Alone with my son, my husband across the ocean, I was devastated. “I feel so alone,” I told my husband on the phone. My three-year-old overheard and said, “You’re not alone, Mommy. I’m with you.”
Two days later, my new doctor called. “It’s what we thought. Twin A has Trisomy 18. They’re fraternal twins and the other baby is perfectly fine—no chromosomal abnormalities.” I felt relieved and even happy for a minute since I knew now that at least Twin B was going to make it. “Can you tell me the gender?” She hedged, encouraging me to leave it alone. But I needed to know, I said. “Twin A is a girl. Twin B is a boy.”
Somehow, knowing I was right about the gender pushed me over the edge. My husband flew home and found me much worse off than when he had left. I had spent days crying, barely getting out of bed. My mother had come to town to take care of my son so that I could lose myself under the covers.
A few days later, I returned to the doctor. It was my husband’s first time meeting the new specialist, so she explained all of the possibilities. I could terminate now because the earlier we do an invasive procedure, the less risk there is for the other twin. Or, I could wait and hope the baby miscarries on her own, to avoid the procedure altogether. I could try to deliver them both, but she would most likely die in my arms moments after birth, or, in very rare cases, she could survive with serious birth defects and live a short and very compromised life. If I waited too long and she miscarried midway through the pregnancy it could endanger Twin B. I didn’t have the answer.
In the ultrasound, the hygroma had grown. She seemed sicker. Although we said we were ready to terminate, my doctor intuited our sadness and confusion. She gently suggested we wait. “Maybe she’ll naturally miscarry, and then we won’t have to terminate. Come back in a week.”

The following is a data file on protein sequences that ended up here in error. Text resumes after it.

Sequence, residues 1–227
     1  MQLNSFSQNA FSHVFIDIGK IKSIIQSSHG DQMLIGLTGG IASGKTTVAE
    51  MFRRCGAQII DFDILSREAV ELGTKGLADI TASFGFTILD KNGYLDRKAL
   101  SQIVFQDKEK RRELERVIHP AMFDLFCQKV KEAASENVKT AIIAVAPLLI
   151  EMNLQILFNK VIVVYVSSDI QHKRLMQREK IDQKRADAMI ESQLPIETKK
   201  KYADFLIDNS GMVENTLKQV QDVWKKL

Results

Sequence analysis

I spent the next seven days deep in thought about this triangulated relationship between my twins and me. Each of us was affecting the other two. If I only had the sick twin, I thought, I’d give her more time. But I had to worry about the impact on my healthy twin of a late-term miscarriage. And the pregnancy was also affecting me — it was draining my body to carry them both. We were three, I thought. I liked being the three of us. My belly had a whole family inside. How amazing was that? I wrote a song and sang it to my sick baby. And then I wrote one for my healthy baby to reassure him that we’d be happy together if it turned out to be just the two of us. It seemed so sad, suddenly, to have just one baby. I walked through the woods and sang him the song. Once we were three, but now it’s just you and me.
I had to carry them both to term: one dead, one alive.
The week passed and we were back, just over 13 weeks into the pregnancy. This time the swelling seemed to surround her entire little body. It looked like a halo. She’s beautiful, I said to my husband. Twin B was already growing much faster. “We’re ready,” I told the doctor. As she prepared me for the termination, my husband and I clutched arms and laid our heads together. We brought candles and some music, sheltering ourselves in the dulcet baritones of Leonard Cohen. Before she injected the needle, my husband recited a prayer that we had constructed together: Brucha at rachamama, she’ozeret lanu livchor chaim. Blessed are you, Holy mother of mercy, who helps us to choose life.